Tthere was a moment at the staging of Rebel Salute in January 2002 when Tony Rebel ceased being an artist with one of the year's biggest reggae hits or the promoter of arguably the most important concert held in Jamaica. In that moment onstage, about 4:15 a.m., Rebel manifested himself as a proud father desperately trying to keep up with son Pato’s energetic dance moves. Father and son also traded rhymes in an amiable lyrical exhibition. Despite 15-year-old Pato's precocious talents, it was difficult for him to challenge the mic skills of a veteran, trendsetting "deejay" (rapper) who has had several number-one records, even if that artist happens to be his dad.
This familial exchange was one of the many highlights of Rebel Salute, the annual Reggae concert at the Port Kaiser Sports Club located on Jamaica's lush, unspoiled south coast. Rebel Salute was inaugurated in 1994 as a birthday celebration/concert for Tony Rebel; performers at that show included his close friend singer Garnet Silk who died tragically in a fire later that year. Rebel Salute soon outgrew its original venue in Mandeville, in the south central Jamaican parish of Manchester; in 2000 moved to the Port Kaiser Sports Club, picturesquely situated on Alligator Pond in the neighboring parish of St. Elizabeth.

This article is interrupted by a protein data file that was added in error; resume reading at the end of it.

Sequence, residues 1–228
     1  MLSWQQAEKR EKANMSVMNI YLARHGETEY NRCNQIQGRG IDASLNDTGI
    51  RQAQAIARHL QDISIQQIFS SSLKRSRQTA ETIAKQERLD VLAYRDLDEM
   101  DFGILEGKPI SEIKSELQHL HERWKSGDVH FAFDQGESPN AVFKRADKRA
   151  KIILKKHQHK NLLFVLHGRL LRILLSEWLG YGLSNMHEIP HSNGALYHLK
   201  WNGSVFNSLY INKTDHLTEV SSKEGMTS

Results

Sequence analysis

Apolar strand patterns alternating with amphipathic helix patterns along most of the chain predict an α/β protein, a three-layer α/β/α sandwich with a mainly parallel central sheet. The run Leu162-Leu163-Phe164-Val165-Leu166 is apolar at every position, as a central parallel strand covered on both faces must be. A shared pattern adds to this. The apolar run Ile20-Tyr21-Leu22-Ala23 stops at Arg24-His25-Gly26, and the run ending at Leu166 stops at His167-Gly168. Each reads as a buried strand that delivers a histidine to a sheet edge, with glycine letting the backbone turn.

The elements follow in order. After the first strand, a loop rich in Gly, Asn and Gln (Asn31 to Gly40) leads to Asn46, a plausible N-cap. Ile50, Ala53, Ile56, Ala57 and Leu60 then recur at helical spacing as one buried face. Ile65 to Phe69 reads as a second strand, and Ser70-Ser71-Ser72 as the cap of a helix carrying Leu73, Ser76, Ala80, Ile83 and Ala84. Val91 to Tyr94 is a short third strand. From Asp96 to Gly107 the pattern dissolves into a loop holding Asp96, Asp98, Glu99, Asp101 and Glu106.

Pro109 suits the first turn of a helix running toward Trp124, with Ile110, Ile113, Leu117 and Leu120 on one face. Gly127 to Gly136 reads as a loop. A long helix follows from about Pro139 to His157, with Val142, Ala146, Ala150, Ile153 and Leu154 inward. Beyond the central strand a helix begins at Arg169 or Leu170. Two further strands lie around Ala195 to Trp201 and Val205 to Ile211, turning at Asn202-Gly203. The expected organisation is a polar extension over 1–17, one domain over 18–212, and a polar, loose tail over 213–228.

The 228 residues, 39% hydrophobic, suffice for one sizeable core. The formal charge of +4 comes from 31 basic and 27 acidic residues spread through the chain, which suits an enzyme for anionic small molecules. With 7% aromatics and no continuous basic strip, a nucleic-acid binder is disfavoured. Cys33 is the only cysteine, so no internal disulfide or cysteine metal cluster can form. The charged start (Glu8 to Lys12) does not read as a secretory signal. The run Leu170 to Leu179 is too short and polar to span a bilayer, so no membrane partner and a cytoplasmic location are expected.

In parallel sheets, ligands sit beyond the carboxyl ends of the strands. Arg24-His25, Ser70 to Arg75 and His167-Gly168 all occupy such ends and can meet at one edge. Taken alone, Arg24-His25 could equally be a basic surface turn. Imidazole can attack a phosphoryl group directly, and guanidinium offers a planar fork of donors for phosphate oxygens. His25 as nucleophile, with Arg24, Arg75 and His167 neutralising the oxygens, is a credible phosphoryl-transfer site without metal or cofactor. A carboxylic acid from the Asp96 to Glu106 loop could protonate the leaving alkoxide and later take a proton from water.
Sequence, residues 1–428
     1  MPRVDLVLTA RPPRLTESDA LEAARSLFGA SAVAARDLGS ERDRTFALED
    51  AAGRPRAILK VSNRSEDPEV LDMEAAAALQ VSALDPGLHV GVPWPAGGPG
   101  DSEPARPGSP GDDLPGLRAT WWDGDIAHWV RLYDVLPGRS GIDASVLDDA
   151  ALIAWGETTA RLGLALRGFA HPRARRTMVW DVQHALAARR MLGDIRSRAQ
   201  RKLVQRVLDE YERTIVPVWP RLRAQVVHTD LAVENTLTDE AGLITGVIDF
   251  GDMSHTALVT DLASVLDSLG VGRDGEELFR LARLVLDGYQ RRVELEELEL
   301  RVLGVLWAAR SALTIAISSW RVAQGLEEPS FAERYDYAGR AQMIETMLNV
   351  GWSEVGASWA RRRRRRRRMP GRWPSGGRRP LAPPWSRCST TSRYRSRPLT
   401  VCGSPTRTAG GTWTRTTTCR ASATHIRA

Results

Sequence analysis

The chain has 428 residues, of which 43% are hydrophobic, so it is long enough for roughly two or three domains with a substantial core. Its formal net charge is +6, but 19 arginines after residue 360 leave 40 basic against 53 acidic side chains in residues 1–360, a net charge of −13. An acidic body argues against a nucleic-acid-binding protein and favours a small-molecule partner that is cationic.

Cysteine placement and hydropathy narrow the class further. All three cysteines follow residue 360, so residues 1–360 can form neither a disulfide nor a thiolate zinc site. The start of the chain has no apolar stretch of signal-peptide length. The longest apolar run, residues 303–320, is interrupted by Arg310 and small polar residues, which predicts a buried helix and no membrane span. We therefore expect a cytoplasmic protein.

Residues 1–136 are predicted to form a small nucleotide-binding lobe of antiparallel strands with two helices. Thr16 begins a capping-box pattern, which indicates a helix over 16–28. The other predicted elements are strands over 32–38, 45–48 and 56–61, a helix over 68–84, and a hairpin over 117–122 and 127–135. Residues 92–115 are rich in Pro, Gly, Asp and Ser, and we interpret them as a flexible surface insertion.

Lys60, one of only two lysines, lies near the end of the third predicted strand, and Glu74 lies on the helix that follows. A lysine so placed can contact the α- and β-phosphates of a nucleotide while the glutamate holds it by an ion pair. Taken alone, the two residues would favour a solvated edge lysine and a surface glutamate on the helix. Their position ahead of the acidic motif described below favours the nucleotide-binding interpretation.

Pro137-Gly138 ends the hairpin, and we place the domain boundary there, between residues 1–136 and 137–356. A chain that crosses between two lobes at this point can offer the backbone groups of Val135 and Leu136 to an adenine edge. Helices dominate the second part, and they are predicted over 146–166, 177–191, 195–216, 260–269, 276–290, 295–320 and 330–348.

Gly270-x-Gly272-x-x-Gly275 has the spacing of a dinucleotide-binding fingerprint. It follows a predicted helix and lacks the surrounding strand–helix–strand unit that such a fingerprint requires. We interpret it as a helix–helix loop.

"We decided to take it to a place where you can hold your show until 10 the next morning," Rebel explains, "where the sea and river meet beside each other. The people in Mandeville weren't so happy when we took it away because of the revenue spinoff: the hairdresser makes money, and the clothes shop because people buy new clothes to wear. Every hotel is full and people who have a house with an empty room rent it to people attending the show. It's like a one-day Woodstock, you can come in and be joyful."
Rebel Salute is reminiscent of Montego Bay's Reggae Sunsplash in its mid to late '80s heyday, when Jamaica's enormous talent pool provided sufficient talent for an internationally renowned four-night festival. More than 15,000 patrons turned out to hear popular deejays such as Capleton and Sizzla, alongside veteran singers including Culture, Marcia Griffiths and Carl Dawkins, just five of the 40 artists who performed. The Rebel Salute concert reflects Tony Rebel's commitment towards maintaining reggae music as a spiritually and socially uplifting force. "Throughout the year people keep all sorts of shows and we want this one to be different, something that can motivate and elevate the minds of our people, to set a precedent at the initial stage of the year," Rebel explains. "When I keep my show, I don't sell meat, not even alcohol because we don't invite someone who want to get drunk and make that sort of mischief! People know the show is like a spiritual renaissance."
Rebel Salute enforces a strict policy against artists using profanity, which unfortunately has become a major issue at concerts throughout Jamaica, with several artists having been served summonses in the past year for the use of indecent language on stage. With extremely rare exception, this doesn't happen at Rebel Salute, due to the respect artists have for the positive musical path Rebel has chosen. "The artists know that I'm serious about what I'm doing," Rebel sa